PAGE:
Today, compote is normally a topping. Stella Parks’ created a recipe to prepare apple compote the old fashioned way, as a dessert dish. She uses a mix of apples. They are peeled, cored, and sliced. Extra care is used to pare down any sharp edges. They are then poached in a syrup of apple cider and brown sugar with lemon peel and cinnamon. Drain the apples when they are Al Dente. Serve warm or at room temperature. The syrup can be reduced and used to sweeten drinks.
- Do leave enough syrup to keep the apples glistening and well sauced, but not so much that the fruit is swimming in the bowl, a surefire way to waterlog your dessert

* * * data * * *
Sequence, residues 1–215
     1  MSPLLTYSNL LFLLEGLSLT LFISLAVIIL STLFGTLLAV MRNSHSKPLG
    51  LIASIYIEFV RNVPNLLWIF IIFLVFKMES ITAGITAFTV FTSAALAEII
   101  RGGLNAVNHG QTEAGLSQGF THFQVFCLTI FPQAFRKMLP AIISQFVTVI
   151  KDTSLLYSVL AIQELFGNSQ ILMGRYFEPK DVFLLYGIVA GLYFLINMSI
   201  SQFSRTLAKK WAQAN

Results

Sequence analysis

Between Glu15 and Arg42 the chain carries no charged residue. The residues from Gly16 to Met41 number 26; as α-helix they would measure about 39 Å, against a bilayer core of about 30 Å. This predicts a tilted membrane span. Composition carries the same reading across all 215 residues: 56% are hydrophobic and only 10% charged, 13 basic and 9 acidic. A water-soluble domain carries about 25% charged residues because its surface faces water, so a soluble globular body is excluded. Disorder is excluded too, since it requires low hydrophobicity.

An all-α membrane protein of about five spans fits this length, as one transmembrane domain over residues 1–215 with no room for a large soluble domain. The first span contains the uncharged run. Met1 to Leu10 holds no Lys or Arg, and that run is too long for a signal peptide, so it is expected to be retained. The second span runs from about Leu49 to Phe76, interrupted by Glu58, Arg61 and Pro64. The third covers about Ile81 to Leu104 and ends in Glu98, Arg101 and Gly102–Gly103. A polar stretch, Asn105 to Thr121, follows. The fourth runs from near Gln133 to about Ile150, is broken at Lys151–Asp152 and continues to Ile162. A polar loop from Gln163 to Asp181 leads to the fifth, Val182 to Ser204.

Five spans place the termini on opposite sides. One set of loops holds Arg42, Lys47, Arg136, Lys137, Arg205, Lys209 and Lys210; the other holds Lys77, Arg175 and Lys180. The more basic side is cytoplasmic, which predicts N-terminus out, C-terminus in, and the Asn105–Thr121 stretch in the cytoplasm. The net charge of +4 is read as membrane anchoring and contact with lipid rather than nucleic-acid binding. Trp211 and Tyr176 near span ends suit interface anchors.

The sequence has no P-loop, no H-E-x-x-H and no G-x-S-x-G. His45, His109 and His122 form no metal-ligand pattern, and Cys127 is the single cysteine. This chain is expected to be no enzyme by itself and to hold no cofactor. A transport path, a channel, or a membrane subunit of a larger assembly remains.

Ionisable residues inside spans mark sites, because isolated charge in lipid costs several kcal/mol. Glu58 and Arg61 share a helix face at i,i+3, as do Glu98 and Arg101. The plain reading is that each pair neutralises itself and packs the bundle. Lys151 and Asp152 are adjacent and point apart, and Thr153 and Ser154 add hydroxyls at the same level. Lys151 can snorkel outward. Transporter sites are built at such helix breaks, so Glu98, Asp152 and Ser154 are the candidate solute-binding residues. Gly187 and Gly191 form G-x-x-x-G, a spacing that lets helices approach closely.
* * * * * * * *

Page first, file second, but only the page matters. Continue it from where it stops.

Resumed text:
- According to my 19th-century guide, compotes are not meant to be stored long-term, likely because reheating would destroy their delicate, tender texture
- I love this apple compote spooned over thick slices of gingerbread, dishes of rice pudding, and scoops of cinnamon ice cream, but it’s a nice touch for crispy yeast-raised waffles and French toast
“While today’s chefs are more likely to treat compotes as an accompaniment to some other dessert than as a stand-alone dish, I wanted to make my recipe the old-fashioned way, with carefully sliced and peeled fruit lightly cooked in an aromatic syrup.”
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